Why I believe in Moodle
I have been using and writing code for Moodle since version 1.8, producing the first version of Collapsed Topics for 1.9. This is now over fourteen years ago and yet I still believe in Moodle. In this post I’ll say a few words about why this is the case.
I am independent from organisations mentioned and am in no way talking or writing for or endorsed by them.
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- GPLv3 – www.gnu.org/licenses/gpl-3.0.en.html
- Moodle – moodle.org
I came across Moodle as a part of my job, I was teaching ICT and had taken on a new additional role as an ‘eLearning Coordinator’. One element of this was to evaluate and coordinate the implementation of an eLearning system, where we’d previously been using just network drives. I had taken things further and was publishing my own static webpages with information and links to make things easier for the students, but both methods were still not accessible outside of the institution. That’s were an eLearning system can come into play as you can have managed internal and external access with a user account.
We tried one product for a while, but found that the workflow was painful and when I evaluated Moodle, I discovered that I could do in minutes what took half an hour in the other product. In addition to the fact that I am very technically skilled and confident with technology. Therefore we thought that for less skilled staff then using the product would be difficult to say the least.
We went for a self hosting solution as that meant that we could manage the platform ourselves and in the event of the internet connection breaking, a single piece of hardware, then at least the platform would still be available within the institution during working hours and lessons not disrupted.
For me the ethics and ethos of ‘open source’ and the ‘Moodle community’ where we all pull together for the benefit of all underpins my passion for the product.
The open source nature, especially with the GPLv3 licence, means that you have full control of the software you are running. Nothing is hidden, you can inspect the code and see at every point how it works and operates. You can make improvements and create your own plugins, then sharing with everybody else, if you choose to do so, what you’ve done.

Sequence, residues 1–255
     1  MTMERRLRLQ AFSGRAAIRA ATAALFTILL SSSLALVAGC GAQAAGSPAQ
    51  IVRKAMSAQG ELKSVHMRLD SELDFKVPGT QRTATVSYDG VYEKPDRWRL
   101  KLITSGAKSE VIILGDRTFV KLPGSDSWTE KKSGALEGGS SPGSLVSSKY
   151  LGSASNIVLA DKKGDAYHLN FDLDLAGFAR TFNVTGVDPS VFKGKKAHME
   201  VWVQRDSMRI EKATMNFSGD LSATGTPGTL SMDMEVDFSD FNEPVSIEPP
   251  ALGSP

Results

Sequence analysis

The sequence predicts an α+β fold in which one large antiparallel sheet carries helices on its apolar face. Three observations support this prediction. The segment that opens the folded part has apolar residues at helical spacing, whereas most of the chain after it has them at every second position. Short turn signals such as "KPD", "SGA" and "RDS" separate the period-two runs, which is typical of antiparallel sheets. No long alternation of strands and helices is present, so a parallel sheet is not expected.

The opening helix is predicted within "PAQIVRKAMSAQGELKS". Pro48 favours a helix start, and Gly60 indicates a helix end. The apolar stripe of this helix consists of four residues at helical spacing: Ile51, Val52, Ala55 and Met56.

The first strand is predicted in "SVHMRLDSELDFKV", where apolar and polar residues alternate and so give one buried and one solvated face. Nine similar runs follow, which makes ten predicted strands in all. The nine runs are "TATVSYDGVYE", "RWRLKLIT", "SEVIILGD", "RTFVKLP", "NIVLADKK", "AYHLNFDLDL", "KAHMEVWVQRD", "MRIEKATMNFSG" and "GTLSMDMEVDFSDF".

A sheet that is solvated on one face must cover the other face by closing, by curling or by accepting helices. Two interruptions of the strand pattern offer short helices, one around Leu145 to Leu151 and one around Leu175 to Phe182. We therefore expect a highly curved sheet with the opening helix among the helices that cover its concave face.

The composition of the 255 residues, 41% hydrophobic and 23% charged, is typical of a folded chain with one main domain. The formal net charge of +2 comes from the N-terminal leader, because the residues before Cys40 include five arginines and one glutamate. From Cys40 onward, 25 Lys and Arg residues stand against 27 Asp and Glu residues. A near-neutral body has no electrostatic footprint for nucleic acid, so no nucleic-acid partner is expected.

There is empowerment, as anyone can implement their own installation and start to provide training to educate their students regardless of any bias.
There is scalability, as you can operate an installation for as many students as you have (or access to) hardware to support.
You are not forced to follow any particular workflow to organise your content. And so Moodle adapts to you rather than you adapting to it.
Why do you believe in Moodle? Please let me know in the comments.
- Collapsed Topics is 14! – 16th March 2023
- Some more Java – 16th February 2023
- Calendar – 16th January 2023
One thought on “Why I believe in Moodle”
Great post Gareth 🙂
I think we can add the concept “proven track record” here too.
Moodle has been around long enough that it’s without doubt a tried and tested solution.
Anyone who asks the question “Is Moodle reliable? / secure? / scalable? / well supported and documented?” clearly hasn’t bothered to do even a hour’s research.
As you say, the “power” of the software lies with the teachers, the users, and the developers, not with Moodle HQ itself, because of the Open Source license.